Others shrug it off. "You could find a Darko on a lot of teams," a scout said. "They've already swallowed that one and gone on and been successful. In defense of Darko, he's a decent defensive center. He's not a rebounder. He's got nice moves, he just doesn't finish. If he wasn't taken with the second pick, if he was taken in the late teens or so, you'd say, 'OK.' But he was drafted on size and potential."
Why does this all matter now? Because, if not for Dumars' gamble in 2003, the Pistons might well be a team of the present in these playoffs, rather than one split between its past and its future. Anthony could be clicking with Billups just the same -- Smooth and 'Melo, together in Motown -- and an organization that got to six Eastern Conference finals, two NBA Finals and one championship could be chasing those things again, rather than facing first-round elimination for the first time since 2000.
In a way, it's a tribute to Dumars' work up and down the roster -- apart from the Milicic pick -- that we're seeing the Pistons at less than their best. Typically, teams looking to retool slink off to the shadows of lotteryland, do what's necessary, lick some wounds and stay largely out of sight, out of mind until they're ready again for their close-ups. Detroit has done it on the fly, transitioning from Billups and the core of Rasheed Wallace, Richard Hamilton, Prince and Antonio McDyess to replacements such as Rodney Stuckey, Amir Johnson, Jason Maxiell, Will Bynum and Arron Afflalo.
That makes it unsightly and in plain view, like performing an autopsy on someone still twitching. Veterans know their time is up. Young guys know it's not their time yet. The result, here near the end of the run, has been more whimper than roar, the Pistons getting caught more than once playing only off muscle memory.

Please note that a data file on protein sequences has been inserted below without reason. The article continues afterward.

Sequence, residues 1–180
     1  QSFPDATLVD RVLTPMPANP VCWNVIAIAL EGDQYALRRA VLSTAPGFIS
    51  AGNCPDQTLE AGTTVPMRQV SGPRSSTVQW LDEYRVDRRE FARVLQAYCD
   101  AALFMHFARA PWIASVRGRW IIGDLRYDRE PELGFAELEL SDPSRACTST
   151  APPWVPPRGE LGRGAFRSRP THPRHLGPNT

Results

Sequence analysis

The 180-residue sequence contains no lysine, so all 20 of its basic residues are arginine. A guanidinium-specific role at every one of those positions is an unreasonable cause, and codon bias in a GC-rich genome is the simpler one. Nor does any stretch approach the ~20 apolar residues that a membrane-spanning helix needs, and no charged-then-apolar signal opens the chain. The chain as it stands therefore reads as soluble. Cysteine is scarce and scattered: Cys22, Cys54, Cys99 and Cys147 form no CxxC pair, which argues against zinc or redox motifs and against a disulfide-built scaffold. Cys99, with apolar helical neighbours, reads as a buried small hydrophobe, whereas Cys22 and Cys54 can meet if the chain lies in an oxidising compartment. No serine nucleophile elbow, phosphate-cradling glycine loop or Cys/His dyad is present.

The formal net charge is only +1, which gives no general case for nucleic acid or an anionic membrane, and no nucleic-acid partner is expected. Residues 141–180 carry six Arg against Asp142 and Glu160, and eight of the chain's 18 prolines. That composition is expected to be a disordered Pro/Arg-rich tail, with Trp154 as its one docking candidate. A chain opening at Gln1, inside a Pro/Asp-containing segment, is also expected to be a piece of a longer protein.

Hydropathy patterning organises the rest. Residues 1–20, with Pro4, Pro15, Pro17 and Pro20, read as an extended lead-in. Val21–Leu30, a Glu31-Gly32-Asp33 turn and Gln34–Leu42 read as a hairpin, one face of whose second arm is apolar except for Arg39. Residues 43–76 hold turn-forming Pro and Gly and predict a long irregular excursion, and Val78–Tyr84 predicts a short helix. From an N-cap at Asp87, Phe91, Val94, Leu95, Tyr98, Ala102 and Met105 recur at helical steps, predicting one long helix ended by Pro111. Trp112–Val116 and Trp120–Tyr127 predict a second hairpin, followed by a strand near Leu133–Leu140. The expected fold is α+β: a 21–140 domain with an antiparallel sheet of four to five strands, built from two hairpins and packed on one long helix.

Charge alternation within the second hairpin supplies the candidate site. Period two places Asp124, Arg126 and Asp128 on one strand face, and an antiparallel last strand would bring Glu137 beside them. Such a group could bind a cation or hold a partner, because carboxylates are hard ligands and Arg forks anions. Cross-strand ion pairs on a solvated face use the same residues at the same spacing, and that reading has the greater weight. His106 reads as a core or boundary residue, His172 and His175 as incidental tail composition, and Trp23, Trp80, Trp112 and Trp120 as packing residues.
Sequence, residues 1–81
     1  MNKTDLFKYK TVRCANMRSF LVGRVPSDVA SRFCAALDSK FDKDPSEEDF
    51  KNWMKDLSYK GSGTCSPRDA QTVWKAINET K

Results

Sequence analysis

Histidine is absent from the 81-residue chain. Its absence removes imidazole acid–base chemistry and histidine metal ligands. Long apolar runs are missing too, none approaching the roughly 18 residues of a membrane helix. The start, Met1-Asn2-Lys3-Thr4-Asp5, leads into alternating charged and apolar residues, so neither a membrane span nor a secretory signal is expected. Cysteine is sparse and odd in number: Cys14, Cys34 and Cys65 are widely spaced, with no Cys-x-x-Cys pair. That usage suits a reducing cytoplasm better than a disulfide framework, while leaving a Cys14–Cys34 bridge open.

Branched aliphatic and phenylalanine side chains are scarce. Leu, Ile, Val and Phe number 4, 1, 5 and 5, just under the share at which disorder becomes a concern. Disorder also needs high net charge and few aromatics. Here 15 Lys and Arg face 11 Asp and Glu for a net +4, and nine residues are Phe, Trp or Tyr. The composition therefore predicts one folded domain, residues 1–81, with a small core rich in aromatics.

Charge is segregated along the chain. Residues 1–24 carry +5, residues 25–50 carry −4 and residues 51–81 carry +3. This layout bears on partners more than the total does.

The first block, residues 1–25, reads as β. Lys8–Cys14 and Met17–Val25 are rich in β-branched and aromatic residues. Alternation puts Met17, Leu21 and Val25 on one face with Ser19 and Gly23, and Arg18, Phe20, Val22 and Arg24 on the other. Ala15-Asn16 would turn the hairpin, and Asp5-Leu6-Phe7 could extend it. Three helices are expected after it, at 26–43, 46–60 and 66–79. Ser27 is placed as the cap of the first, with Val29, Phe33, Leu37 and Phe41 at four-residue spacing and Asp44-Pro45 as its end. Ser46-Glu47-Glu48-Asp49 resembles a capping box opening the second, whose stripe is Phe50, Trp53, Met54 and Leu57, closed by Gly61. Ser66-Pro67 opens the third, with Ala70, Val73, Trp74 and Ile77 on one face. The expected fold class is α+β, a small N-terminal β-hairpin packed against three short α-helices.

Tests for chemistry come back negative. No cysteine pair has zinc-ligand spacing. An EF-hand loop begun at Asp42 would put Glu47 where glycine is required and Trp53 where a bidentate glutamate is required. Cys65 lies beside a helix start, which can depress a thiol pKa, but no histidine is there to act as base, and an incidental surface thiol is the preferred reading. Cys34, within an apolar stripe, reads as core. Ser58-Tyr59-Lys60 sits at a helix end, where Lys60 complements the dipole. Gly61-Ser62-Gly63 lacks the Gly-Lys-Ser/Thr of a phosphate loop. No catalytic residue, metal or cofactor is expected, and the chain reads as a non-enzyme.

"You can't fake hustle," TNT's Charles Barkley said at halftime of the Pistons' Game 2 loss. "You either have to be into the game or not. Cleveland is trying to win the championship, and Detroit has one foot in Cancun. They are packing up their stuff as we speak." The Chuckster pronounced the Pistons "dead" and, with his Vegas expertise, set the odds for a Cavaliers sweep at "100 percent."
Where does Dumars go from here? Back to the drawing board, for sure. The Billups-Allen Iverson deal was driven by money, the opportunity to clear AI off the books fast. Wallace might be allowed to walk as a free agent, another big salary and challenging personality shed. McDyess' time is nearly up (though he played well in the second half of the season) and, while Prince and Hamilton still have tread life, they might be logging fewer miles in lesser roles.
The Michael Curry mandate -- a rookie coach who could somehow come in and flex authority, holding the players more accountable -- hasn't worked. But Dumars has to be careful about acknowledging that, because with late owner Bill Davidson's heirs involved now, the former Pistons stalwart himself might not have the same solid backing as before.
When Detroit won the title in 2004, it won in spite of the Milicic move, the gentle interpretation being that its rotation was streamlined without a high-profile and ready-to-rip rookie for coach Larry Brown to attend to. Now, though, with Billups extending his prime and Anthony smack at the start of his, a team wrapping up its run might still be in full sprint, if not for an overly bold move in one of the most bountiful and can't-miss drafts in NBA history.